Tonight is the eve of the final day of the 2010 Southeast
Tourism Society Marketing College in Dahlonega, Georgia. At this time next year
I will have finished my third year and earned the designation TMP (Tourism
Marketing Professional). For those unfamiliar with STS Marketing College, it is
a week of intensive classroom instruction with some of the nation’s most
experienced and knowledgeable tourism professionals. Classes this week have
included: Integrated Tourism Marketing; Press Tour 101; Demystifying Economic
Impact; Profiles & Conversion Study; Generational Marketing, and Emerging
Technology as Marketing Tools for Tourism. And that’s only about half of the
classes (I told you it was intensive).
Considering the title of this blog post you’re probably
expecting me to share some facts, figures and insights from those classes.
Sorry. You’ll have to attend next year and learn for yourself. Instead I want to share some
lessons learned through observation during the week and the time leading up to
• Not enough people know where the heck Dahlonega,
Georgia is. In recent weeks as I mentioned to friends where I was going the news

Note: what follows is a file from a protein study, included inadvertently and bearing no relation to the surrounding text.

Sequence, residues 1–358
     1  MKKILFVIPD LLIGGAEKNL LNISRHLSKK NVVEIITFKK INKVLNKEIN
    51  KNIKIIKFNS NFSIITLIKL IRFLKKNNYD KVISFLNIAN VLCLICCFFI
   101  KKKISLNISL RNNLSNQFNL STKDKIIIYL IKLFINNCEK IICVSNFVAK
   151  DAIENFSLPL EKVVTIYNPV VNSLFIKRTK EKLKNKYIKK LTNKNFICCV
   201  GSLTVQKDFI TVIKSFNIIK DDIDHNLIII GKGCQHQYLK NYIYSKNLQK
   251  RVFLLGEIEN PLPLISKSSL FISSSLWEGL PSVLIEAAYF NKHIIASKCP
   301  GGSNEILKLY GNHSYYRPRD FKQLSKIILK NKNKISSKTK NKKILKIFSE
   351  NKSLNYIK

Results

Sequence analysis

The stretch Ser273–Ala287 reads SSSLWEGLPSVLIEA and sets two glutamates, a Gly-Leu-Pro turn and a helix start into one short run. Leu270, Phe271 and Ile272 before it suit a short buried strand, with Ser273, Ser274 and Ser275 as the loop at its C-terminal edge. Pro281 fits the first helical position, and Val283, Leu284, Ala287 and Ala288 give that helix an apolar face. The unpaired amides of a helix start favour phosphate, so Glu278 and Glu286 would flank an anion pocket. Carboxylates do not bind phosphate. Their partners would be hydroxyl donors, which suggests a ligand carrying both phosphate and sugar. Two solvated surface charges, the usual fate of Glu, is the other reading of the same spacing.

was met mostly with blank stares. That’s a terrible shame because this town is
an absolute jewel. Check it out online (https://www.dahlonega.org) and plan your visit. When you get here, stop in at the Visitor Center and say
“hi” to my friend and classmate Stephen.
• Southern Hospitality is a very real phenomenon. It’s
like art – it’s hard to describe but you’ll know it when you see it. Nowhere
was it more evident than at the Wednesday night cookout at Mr. Hardman’s home.
He and his family did so much to make the event special. Any time someone said
“Thank you,” his genuinely sincere response would be, “We're happy to have you
• Tourism professionals are very willing to share ideas
and help each other solve problems. No doubt that the states, counties, cities
and towns represented at Marketing College compete against each other for
visitors and still classmates and teachers stay in touch throughout the year to
be resources for each other. Call it what you will: professional courtesy,
class, or maybe Southern Hospitality.
• “Karaoke” is a term used by recording engineers that
translates to “empty track” meaning there is no vocal track. Sometimes it
should stay that way.
I’m looking forward to seeing you all (y’all, that is)
next summer in Dahlonega.